What exactly is the Agency for Healthcare Research and Quality (AHRQ), and why are hospitalists urged to increase its portion of the federal budget pie each year?
According to its mission statement, the AHRQ is “the lead federal agency charged with improving the quality, safety, efficiency, and effectiveness of healthcare for all Americans.” This includes supporting high-quality, impartial research that specifically improves healthcare quality, reduces costs, advances patient safety, decreases medical errors, eliminates healthcare disparities, and broadens access to essential services.
“Supporting AHRQ is supporting an unbiased government organization that’s clearly on the side of patient safety, and that gets important information out fast,” says Andrew Fishmann, MD, FCCP, FACP, a member of AHRQ’s National Advisory Council and director of intensive care at Good Samaritan Hospital in Los Angeles. “Where’s the argument?”
Fight over Funding
The argument is over money, plain and simple. Each year, medical associations like SHM push for increased federal funding for AHRQ so the agency’s research can be expanded. And each year, Congress refuses those increases. Lawmakers have granted a slight boost in funding: Since 2002, AHRQ’s budget has increased by $2 million, or 6.7%.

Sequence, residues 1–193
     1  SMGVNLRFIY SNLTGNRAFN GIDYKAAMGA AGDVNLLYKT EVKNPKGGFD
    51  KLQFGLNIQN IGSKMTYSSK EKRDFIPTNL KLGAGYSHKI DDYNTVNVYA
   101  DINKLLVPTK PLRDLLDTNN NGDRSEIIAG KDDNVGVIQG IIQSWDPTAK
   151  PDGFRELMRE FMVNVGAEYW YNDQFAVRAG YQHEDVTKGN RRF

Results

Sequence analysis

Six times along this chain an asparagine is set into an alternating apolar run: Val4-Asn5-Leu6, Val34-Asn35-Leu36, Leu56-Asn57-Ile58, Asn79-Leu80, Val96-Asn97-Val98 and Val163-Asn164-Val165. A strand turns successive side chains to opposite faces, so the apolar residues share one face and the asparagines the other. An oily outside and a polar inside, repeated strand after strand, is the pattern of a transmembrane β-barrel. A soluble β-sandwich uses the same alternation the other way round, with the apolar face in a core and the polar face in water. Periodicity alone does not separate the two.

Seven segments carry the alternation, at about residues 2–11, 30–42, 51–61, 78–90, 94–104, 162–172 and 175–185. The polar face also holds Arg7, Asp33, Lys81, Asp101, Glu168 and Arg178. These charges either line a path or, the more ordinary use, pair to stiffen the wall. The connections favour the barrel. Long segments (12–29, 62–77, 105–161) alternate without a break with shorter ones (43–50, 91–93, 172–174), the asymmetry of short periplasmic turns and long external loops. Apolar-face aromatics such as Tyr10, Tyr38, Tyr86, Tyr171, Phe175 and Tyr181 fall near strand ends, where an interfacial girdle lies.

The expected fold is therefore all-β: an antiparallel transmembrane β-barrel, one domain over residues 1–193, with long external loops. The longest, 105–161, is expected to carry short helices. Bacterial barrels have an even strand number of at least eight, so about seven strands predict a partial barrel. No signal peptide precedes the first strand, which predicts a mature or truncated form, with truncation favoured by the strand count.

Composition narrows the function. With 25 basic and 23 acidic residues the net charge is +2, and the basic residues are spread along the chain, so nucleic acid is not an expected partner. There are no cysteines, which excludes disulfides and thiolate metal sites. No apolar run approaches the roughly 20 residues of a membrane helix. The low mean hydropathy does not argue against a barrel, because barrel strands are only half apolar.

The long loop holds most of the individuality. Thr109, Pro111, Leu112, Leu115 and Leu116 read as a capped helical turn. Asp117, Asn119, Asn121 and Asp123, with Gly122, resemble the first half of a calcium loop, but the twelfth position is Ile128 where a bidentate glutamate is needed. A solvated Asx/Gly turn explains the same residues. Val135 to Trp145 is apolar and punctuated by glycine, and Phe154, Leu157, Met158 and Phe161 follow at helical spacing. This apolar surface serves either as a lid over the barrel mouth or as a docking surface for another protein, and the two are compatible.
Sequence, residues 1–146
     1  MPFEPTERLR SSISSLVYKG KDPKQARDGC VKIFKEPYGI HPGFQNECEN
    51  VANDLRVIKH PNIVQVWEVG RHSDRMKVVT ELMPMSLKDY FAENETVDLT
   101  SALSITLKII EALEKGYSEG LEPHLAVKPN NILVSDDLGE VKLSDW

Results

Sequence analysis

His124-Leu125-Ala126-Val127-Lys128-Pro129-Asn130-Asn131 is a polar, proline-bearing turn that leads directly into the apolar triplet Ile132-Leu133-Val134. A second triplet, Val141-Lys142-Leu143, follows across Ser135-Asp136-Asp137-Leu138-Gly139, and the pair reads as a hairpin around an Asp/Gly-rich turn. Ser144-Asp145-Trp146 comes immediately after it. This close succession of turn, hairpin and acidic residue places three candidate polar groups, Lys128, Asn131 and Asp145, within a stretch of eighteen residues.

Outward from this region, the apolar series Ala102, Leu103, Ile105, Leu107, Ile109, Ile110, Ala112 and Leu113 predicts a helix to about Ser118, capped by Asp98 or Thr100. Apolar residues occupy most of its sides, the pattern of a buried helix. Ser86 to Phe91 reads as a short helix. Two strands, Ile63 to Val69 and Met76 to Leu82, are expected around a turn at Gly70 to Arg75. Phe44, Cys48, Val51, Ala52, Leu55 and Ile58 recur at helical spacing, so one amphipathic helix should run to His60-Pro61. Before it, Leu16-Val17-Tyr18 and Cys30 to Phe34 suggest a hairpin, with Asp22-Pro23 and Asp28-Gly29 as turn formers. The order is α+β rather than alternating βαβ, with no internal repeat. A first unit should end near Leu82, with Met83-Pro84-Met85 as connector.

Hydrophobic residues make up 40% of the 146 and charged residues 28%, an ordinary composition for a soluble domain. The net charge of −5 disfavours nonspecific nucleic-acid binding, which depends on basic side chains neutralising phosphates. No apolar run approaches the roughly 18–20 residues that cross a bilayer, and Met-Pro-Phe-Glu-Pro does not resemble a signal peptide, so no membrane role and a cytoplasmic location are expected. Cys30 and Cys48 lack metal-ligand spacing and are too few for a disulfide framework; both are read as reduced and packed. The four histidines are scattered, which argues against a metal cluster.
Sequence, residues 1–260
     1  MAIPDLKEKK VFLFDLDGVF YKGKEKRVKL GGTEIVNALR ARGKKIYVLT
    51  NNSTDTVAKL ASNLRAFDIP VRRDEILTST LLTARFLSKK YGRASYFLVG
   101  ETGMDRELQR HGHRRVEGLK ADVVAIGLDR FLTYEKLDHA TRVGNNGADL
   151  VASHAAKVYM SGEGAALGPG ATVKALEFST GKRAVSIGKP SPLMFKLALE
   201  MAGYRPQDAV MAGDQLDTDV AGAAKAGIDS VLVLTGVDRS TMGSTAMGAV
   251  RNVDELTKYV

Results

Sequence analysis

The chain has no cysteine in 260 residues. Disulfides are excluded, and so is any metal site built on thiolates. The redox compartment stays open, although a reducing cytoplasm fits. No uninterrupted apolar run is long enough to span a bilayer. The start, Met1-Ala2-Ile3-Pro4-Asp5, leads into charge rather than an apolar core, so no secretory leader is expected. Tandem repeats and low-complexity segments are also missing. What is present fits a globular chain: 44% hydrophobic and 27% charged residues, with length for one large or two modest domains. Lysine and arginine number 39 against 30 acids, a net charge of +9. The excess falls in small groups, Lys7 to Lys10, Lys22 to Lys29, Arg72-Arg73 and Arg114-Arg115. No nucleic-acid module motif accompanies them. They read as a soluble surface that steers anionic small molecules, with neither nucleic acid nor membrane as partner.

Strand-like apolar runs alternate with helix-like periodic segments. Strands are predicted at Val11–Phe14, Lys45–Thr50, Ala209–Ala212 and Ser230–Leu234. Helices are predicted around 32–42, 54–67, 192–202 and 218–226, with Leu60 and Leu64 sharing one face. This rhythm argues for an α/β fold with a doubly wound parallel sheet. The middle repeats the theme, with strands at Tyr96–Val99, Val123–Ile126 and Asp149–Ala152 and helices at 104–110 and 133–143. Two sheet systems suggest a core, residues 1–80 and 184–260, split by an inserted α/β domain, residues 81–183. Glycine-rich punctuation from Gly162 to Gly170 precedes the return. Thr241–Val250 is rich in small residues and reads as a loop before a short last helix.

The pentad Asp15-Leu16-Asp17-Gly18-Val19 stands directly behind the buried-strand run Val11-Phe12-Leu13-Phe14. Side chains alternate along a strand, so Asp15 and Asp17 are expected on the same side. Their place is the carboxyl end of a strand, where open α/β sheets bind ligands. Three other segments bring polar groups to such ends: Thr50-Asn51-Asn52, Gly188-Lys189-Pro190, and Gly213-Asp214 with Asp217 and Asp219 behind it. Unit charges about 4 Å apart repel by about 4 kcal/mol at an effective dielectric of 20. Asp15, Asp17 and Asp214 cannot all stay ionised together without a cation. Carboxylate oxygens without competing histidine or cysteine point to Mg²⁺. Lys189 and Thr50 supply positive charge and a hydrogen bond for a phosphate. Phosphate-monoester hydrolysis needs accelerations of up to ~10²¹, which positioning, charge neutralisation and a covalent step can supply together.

Proponents of AHRQ believe precarious funding levels threaten the agency’s ability to achieve its essential mission. Last year, SHM lobbied for an increase in federal funding for AHRQ to $350 million in fiscal year 2008—$31 million more than the agency’s fiscal 2007 budget. By late 2007, Congress was weighing an increase of $329 million, plus $5 million targeted for comparative-effectiveness research.
“Think of AHRQ compared to the $28 billion that NIH gets,” says Dr. Fishmann. “[AHRQ’s] is a small budget relative to what they do.”
How much does AHRQ need to provide adequate research information? The answer is, apparently, as much as they can get. There are countless areas in healthcare the agency could address.
“If they got $500 million, could they spend it?” asks Dr. Fishmann. “Yes. They could look at the top 20 diseases instead of the top 10.”
What AHRQ Does
Regardless of the final budget amount they receive, AHRQ spends roughly 80% on grants and contracts focused on improving healthcare.
“AHRQ doesn’t do its own research or create its own data,” explains Dr. Fishmann. Rather, AHRQ conducts and supports health services research in leading academic institutions, hospitals, and other settings. In 2005, two hospitalists received separate grants for projects that have already had an effect on hospital medicine. Greg Maynard, MD, MS, division chief of hospital medicine at University of California San Diego School of Medicine, used AHRQ funds for an intervention project to prevent hospital-acquired venous thromboembolism (VTE). Dr. Maynard’s project continued to grow since that grant and has yielded key findings such as a risk-assessment model for VTE. Data and lessons learned are available in the VTE Resource Room on SHM’s Web site at www.hospitalmedicine.org/ResourceRoomRedesign/RR_LandingPage.cfm.